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  • Why Oregon Will Not Be Raising Its Minimum Wage This Year

    Oregon’s minimum wage will not go up in 2016 state officials announced Wednesday, making this the first time in six years the wage will not rise.

    The minimum wage will remain at $9.25 going into 2016, because inflation did not rise high enough this year to trigger an increase, reported The Associated Press. A law passed in 2002 has allowed the state minimum wage to go up automatically each year since 2010, based on inflation.

    Inflation in the state actually fell this year, likely because of falling gas prices, reported The Register-Guard. The problem is this may not account for other costs people have to face, like rising rent.

    “A low-income family has got to buy food,” Oregon Labor Commissioner Brad Avakian told The Associated press. “They’ve also got to pay skyrocketing rent in Portland and Eugene.”

    Avakian argued state lawmakers should raise the minimum wage to $13.50 an hour, which would be the highest of any state, because the inflation trigger isn’t accurately accounting for the costs of living.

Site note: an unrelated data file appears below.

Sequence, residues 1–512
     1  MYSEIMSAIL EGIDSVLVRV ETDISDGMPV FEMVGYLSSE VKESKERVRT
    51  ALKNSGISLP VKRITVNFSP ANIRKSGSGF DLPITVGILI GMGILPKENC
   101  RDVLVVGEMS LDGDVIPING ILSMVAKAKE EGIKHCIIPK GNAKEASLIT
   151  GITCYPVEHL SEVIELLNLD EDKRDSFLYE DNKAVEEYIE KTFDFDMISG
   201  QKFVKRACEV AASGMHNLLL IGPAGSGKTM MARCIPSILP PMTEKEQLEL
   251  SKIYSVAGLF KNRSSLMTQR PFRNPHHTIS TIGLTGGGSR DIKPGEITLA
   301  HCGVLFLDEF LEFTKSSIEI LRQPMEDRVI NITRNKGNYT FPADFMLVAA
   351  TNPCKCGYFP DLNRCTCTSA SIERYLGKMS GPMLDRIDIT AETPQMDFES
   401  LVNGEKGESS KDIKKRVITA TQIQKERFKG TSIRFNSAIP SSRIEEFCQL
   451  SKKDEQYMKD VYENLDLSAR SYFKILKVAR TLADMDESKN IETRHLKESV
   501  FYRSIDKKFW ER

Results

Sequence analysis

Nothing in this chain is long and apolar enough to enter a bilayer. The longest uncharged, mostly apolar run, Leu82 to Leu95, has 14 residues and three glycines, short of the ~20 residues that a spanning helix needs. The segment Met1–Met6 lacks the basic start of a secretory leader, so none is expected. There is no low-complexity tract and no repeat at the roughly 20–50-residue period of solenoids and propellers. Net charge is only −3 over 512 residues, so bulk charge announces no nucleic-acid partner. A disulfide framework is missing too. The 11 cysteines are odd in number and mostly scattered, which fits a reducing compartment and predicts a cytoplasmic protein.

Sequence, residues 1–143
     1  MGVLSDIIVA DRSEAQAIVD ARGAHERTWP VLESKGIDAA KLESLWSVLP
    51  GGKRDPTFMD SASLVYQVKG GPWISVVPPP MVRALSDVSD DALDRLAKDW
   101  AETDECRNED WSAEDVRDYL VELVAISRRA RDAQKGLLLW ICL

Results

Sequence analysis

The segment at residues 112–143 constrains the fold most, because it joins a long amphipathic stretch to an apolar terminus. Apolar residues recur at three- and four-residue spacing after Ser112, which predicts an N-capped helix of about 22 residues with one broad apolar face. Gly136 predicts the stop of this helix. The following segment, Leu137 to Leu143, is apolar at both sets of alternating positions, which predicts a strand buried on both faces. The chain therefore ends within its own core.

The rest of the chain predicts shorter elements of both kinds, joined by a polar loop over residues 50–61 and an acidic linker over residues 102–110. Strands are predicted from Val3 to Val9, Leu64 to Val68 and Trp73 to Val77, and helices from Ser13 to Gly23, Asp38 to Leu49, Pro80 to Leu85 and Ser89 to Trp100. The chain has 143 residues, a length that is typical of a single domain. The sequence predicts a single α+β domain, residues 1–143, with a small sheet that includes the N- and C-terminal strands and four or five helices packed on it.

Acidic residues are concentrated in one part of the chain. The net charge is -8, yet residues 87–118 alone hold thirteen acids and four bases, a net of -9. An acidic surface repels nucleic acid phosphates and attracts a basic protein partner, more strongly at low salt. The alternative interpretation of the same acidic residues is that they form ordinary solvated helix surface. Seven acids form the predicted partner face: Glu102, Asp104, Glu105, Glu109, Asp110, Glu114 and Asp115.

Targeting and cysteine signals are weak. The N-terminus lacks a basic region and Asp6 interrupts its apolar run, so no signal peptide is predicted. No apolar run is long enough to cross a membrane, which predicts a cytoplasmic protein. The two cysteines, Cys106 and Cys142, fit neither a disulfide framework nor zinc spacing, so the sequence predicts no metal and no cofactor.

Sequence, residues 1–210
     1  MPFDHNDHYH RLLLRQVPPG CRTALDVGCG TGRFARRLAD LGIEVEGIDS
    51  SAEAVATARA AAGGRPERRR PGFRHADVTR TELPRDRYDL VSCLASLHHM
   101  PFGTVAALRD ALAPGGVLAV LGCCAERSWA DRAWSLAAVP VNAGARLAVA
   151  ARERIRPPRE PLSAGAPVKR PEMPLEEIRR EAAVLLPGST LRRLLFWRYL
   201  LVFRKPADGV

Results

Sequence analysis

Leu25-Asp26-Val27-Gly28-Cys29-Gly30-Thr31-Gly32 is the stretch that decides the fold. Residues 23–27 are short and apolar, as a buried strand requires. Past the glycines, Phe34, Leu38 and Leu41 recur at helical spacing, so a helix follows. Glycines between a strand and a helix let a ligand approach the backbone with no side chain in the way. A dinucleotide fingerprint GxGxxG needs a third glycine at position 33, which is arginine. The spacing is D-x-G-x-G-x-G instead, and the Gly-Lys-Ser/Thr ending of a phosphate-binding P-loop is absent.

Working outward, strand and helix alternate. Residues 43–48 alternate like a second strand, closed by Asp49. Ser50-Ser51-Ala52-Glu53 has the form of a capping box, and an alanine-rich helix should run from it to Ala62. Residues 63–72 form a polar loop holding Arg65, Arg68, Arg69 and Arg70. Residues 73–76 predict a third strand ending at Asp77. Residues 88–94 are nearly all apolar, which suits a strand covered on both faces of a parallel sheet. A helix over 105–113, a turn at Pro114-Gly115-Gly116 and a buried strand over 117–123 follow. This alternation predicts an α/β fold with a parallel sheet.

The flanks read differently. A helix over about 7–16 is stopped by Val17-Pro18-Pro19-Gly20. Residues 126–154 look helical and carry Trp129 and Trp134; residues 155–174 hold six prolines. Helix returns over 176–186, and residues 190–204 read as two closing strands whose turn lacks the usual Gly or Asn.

Some states, such as New York, are looking into going as high as $15 an hour but have yet to pass any measures. Currently, the highest minimum wage in the country is $15 an hour, but that has only been passed in some cities.

    Since 2009, the federal minimum wage has been $7.25 an hour. Some contend it should be higher, because it would help poor people afford basic necessities. Critics contend an increase would actually hurt the poor by limiting job opportunities.

    If the cost of labor goes up, employers may become less likely to hire more people. This is particularly true for low-skilled workers who may not have the ability to produce as much revenue as higher-skilled workers. The Congressional Budget Office says an increase of the minimum wage will likely result in at least some job loss.

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